SQL Server's Servicing Rules Have Changed
Microsoft has dramatically changed the support policy for SQL Server. In the past, the policy was essentially "wait for a service pack unless you have a problem". There were cumulative updates (CU) available, but Microsoft strongly discouraged their use with warnings such as:
“This cumulative package is intended to correct only the problems that are described in this article. Apply it only to systems that are experiencing these specific problems.”
“A supported cumulative update package is now available from Microsoft. However, it is intended to correct only the problems that are described in this article.”
The flaw in this thinking is that DBAs and developers often don't know when a problem solved by the CU was affecting their servers. Working under an assumption that any performance degradation or unexpected downtime is caused be a flaw in their own designs, they may wait months for a service pack when the problem is easily solved.
The new recommend from Microsoft is that cumulative updates be installed using the same process that companies install service packs. Microsoft continues,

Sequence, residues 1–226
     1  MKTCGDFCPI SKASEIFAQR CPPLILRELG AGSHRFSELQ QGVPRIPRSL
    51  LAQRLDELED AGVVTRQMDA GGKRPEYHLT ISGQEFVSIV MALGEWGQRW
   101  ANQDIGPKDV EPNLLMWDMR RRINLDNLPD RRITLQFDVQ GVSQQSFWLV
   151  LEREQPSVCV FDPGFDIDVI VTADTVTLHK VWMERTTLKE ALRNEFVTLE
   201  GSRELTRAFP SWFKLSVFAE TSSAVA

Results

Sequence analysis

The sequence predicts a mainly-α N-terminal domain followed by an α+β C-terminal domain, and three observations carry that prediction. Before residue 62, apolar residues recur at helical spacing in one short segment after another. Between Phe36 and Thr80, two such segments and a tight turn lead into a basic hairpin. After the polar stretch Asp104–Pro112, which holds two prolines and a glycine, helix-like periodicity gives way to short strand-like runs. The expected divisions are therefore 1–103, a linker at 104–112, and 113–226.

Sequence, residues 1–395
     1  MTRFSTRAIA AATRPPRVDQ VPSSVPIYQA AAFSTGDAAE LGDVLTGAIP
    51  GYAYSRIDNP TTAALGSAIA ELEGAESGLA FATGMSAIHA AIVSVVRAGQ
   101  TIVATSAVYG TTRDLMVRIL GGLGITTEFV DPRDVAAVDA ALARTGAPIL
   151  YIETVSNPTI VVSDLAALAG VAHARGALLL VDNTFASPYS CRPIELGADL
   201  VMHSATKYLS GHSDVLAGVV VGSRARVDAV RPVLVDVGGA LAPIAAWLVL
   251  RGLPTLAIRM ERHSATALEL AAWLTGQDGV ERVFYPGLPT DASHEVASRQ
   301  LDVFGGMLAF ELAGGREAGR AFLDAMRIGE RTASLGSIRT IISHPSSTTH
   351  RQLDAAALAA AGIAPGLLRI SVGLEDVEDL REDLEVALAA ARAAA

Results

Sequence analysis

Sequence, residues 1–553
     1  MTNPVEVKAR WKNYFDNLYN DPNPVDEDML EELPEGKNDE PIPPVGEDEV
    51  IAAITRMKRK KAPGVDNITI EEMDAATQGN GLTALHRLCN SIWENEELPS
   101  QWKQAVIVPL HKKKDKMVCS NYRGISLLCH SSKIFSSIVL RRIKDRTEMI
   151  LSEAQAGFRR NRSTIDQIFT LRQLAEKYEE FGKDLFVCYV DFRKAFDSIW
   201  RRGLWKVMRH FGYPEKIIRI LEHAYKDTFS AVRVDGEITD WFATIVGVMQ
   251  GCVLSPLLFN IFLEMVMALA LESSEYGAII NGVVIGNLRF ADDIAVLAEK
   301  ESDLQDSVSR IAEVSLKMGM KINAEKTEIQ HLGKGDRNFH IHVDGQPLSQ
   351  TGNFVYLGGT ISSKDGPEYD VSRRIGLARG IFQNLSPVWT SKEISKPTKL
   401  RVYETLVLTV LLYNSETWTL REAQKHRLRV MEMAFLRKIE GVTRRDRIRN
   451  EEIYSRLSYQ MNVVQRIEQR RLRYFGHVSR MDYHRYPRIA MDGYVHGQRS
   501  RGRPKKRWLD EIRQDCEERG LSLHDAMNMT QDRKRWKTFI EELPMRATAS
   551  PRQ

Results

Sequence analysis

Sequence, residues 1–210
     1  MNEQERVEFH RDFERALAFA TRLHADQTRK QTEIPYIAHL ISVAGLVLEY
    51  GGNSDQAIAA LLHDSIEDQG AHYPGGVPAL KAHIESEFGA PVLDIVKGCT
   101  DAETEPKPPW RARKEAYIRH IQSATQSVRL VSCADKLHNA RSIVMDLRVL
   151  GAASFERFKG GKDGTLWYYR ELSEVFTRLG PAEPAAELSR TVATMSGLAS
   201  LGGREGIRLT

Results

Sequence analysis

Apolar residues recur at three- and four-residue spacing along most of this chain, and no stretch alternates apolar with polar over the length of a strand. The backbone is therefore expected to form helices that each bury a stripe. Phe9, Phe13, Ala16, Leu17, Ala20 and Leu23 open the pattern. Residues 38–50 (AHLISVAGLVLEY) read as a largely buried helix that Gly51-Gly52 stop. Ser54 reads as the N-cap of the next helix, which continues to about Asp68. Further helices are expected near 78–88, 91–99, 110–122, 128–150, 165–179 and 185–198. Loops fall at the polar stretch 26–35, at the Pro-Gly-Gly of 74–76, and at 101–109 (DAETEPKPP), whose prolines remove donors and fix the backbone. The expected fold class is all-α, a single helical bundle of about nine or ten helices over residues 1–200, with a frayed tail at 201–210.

As of January CU releases, these caution messages have been updated, we now recommend ongoing, proactive installation of CU’s as they become available. You should plan to install a CU with the same level of confidence you plan to install SPs (Service Packs) as they are released. This is because CU’s are certified and tested to the level of SP’s. Also, Microsoft CSS data indicates that a significant percentage of customer issues are often previously addressed in a released CU, but not applied proactively. More so, CU’s contain added value over and above hotfixes. These also may contain supportability, logging, and reliability updates enhancing the overall experience.
To encourage DBAs to proactively install cumulative updates, they will be offered on Windows Downloads and through the Windows Update Catalog just like full service packs. Previously they would be available only through a "hotfix" server that required a special request to access.
Under the new model, only the most recent CU for a given Version/Service Pack combination will be offered.
EXAMPLE: When SQL Server 2014 SP1 ‘CU9’ is released, CU9 will replace ‘CU8’ on the download center as the latest CU for 2014 SP1. Adding to the example, while an individual issue may have been originally addressed in ‘CU8’, CU KBs will always point to the latest CU (on the download center), which will then be CU9. Clicking on the “A fix is available for this issue” link in the CU8 KB would take you to the CU9 (latest) download.